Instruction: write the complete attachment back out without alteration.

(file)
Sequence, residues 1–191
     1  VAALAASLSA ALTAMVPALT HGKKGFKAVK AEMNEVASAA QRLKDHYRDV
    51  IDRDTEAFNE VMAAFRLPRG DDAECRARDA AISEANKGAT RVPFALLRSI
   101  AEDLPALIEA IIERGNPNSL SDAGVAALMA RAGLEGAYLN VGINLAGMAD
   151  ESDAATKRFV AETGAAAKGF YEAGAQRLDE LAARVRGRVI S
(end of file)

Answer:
Sequence, residues 1–191
     1  VAALAASLSA ALTAMVPALT HGKKGFKAVK AEMNEVASAA QRLKDHYRDV
    51  IDRDTEAFNE VMAAFRLPRG DDAECRARDA AISEANKGAT RVPFALLRSI
   101  AEDLPALIEA IIERGNPNSL SDAGVAALMA RAGLEGAYLN VGINLAGMAD
   151  ESDAATKRFV AETGAAAKGF YEAGAQRLDE LAARVRGRVI S